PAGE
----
Shares of Honeywell International (NYSE:HON) rose more than 4% higher in Friday trading, erasing their loss for the first weeks of the year to return the stock to positive territory for 2015. All because the U.S. conglomerate reported Friday that it grew its sales 3% in 2014.

Well, maybe not exactly "all because." But the fact that Honeywell beat estimates for last year's sales does appear to lie behind at least part of investors' enthusiasm. Here's how the other numbers played out:

  • Fourth-quarter sales came in at $10.3 billion (down 1% year over year, but ahead of estimates).
  • Fourth-quarter profits "beat by a penny," with $1.43 per share reported (not counting pension contributions).
  • Sales for the year topped out at $40.3 billion (up 3% year over year).
  • Operating profit margin gained 30 basis points, rising to 16.6%.
  • Net profit was $5.33 per share (up 8%).

So 3% sales growth and 8% profit growth. Neither number is likely to set the world on fire, but each was enough to exceed analyst expectations on its own. Perhaps the best news of the day, though, was that Honeywell generated $3.9 billion in positive free cash flow last year. That was a 16% improvement over 2013's result.

Now here's the bad news -- and the reasons investors are wrong to be buying Honeywell shares today.

Better isn't good enough
That strong free cash flow still wasn't enough to equal the profit Honeywell is claiming on its income statement. To the contrary, relative to Honeywell's net income of $4.3 billion, the company's free cash flow of $3.9 billion fell more than 9% short of reported profits. What's more, even the 16% improvement in FCF that was Honeywell's best news of the day is unlikely to be repeated this year.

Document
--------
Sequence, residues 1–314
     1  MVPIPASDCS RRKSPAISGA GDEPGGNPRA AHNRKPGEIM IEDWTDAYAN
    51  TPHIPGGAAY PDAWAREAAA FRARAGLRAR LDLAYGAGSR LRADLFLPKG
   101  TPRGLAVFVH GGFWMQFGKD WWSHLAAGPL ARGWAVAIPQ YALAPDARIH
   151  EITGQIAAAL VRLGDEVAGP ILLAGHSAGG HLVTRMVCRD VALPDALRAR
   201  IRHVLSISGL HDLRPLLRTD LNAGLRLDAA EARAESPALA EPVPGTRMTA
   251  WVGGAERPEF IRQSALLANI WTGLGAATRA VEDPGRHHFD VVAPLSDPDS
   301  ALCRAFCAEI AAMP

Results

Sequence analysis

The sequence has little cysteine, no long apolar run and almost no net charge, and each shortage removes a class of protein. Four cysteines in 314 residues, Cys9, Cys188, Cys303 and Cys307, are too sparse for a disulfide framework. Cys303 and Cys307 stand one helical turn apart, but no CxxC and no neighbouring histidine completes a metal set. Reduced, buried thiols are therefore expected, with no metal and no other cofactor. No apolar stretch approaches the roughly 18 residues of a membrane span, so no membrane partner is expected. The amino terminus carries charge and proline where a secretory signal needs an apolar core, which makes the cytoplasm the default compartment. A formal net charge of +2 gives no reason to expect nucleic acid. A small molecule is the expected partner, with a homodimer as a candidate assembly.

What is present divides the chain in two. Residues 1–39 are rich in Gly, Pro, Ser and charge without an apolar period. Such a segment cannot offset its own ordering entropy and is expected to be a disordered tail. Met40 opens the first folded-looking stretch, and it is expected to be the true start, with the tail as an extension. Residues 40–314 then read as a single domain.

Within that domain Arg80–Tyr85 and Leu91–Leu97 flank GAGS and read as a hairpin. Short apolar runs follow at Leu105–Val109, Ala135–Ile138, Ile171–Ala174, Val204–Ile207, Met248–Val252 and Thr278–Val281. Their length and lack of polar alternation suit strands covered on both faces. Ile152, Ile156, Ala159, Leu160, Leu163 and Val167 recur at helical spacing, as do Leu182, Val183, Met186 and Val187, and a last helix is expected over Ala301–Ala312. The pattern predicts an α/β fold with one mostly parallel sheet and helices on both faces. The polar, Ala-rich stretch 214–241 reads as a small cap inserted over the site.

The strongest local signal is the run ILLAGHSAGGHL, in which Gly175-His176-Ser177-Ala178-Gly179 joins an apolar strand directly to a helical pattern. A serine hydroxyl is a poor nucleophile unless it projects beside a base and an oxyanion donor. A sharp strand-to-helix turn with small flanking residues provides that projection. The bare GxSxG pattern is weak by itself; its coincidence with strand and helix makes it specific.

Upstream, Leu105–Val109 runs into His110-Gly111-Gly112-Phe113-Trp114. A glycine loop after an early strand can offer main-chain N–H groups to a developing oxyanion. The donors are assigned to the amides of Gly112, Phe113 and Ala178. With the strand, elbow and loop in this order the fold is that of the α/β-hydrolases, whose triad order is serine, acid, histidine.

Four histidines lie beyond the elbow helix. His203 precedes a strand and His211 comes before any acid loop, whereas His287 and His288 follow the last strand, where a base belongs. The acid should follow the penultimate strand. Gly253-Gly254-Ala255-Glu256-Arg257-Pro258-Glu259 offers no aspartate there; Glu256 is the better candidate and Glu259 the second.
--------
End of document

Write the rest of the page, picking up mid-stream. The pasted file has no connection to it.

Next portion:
Commenting on expectations for 2015, Honeywell said it expects free cash flow will only grow by 8%-10% (to $4.2 billion-$4.3 billion). Net income, meanwhile, is expected to grow by 7%-11% ($5.95-$6.15 per share, not counting pension contributions).

The takeaway
Priced at 19.4 times earnings today, Honeywell shares cost far more than the stock's projected 10% long-term growth rate (as quoted on S&P Capital IQ) can justify. The fact that analysts' 10% growth expectation is already near the high mark of what Honeywell itself is prepared to promise for 2015 suggests further upside to its guidance is unlikely. Meanwhile, the stock is even more expensive when valued on its lagging free cash flow number -- selling for 20 times free cash flow, to be precise.

Granted, Honeywell stock pays a nice dividend, yielding 2.1% at last count. Granted, too, it's a big, globally important company that will not "go away" anytime soon. For investors simply hoping to "sleep well at night," these two factors might justify holding on to any Honeywell shares they already own. But as for buying more?

No way, if you ask me. Honeywell is simply too expensive for that.